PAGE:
Philips, MIT collaborate on ICU data sharing

Royal Philips and MIT announced an initiative that will allow healthcare researchers to access data on more than 100,000 patients, which has been collected by Phillips through its Hospital to Home eICU telehealth program. For researches, data sets are often limited to insurance claims data, which offers a summary of patient’s stay at a hospitals. […]

Royal Philips and MIT announced an initiative that will allow healthcare researchers to access data on more than 100,000 patients, which has been collected by Phillips through its Hospital to Home eICU telehealth program.

For researches, data sets are often limited to insurance claims data, which offers a summary of patient’s stay at a hospitals. The Philips effort, officials said, will add a more comprehensive look at ICU patients and will include clinical information like vital signs, pharmacy medication orders, lab results, diagnoses and severity of illness scores.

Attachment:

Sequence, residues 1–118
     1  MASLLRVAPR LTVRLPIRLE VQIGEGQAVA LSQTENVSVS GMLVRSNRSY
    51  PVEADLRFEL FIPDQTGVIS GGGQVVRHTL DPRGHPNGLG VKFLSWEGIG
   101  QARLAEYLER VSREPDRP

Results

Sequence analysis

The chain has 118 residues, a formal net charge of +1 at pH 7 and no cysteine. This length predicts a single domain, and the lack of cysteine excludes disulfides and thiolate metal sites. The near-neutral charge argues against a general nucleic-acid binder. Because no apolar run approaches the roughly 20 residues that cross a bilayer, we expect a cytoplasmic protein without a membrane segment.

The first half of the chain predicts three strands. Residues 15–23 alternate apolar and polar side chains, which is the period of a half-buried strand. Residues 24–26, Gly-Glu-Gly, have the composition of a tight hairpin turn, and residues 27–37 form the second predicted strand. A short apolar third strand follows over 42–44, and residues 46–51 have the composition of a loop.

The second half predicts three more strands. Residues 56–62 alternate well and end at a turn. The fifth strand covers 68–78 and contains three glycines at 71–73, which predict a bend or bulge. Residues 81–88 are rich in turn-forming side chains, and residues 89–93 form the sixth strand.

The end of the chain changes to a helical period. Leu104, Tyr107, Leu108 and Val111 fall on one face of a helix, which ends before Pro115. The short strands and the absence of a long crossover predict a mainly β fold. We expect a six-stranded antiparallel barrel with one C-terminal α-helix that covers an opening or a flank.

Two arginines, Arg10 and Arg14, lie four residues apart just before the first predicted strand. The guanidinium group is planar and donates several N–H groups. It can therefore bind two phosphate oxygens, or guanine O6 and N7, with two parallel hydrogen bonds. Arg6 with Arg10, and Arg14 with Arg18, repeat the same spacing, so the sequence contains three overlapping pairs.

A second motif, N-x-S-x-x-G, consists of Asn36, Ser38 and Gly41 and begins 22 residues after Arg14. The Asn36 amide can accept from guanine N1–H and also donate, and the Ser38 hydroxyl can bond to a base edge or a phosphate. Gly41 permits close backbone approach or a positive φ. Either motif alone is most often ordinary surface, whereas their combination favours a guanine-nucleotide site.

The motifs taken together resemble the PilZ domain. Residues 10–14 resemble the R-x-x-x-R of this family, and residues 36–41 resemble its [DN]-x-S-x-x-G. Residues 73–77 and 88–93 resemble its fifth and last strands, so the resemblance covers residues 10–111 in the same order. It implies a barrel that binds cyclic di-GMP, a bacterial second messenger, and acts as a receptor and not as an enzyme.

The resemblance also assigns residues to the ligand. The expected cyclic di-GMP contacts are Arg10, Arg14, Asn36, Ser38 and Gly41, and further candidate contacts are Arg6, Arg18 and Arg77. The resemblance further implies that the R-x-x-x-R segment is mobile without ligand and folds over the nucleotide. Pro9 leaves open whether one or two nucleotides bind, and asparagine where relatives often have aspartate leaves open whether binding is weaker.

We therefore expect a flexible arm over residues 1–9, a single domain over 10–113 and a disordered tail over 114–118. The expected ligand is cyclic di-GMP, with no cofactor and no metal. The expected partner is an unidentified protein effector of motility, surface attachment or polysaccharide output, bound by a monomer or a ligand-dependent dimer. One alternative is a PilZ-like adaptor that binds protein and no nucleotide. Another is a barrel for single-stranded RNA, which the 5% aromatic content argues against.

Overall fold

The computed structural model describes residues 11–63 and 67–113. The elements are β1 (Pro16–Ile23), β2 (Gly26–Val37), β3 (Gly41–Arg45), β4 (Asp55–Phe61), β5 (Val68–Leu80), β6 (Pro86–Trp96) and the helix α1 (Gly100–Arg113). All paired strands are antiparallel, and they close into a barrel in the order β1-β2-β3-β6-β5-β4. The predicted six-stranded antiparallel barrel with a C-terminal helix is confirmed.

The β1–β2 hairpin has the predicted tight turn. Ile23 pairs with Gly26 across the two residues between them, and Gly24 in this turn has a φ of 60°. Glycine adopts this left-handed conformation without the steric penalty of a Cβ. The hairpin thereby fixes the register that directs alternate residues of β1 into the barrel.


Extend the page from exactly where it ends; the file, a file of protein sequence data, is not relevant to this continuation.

The data from Philips accounts for 10 percent of all adult ICU patients in the U.S., according to the Dutch company.

The data will be available to researchers via PhysioNet before the end of this year. PhysioNet offers free web access to large collections of physiologic signals and related open-source software.

“Researchers are always looking for better, more accurate and comprehensive data that enables a holistic representation of the patient experience,” Leo Anthony Celi of MIT said in a statement. “The quality and resolution of the data Philips has been collecting in the critical care domain is unprecedented. This kind of access will provide researchers with data that will enable investigations otherwise unimaginable.”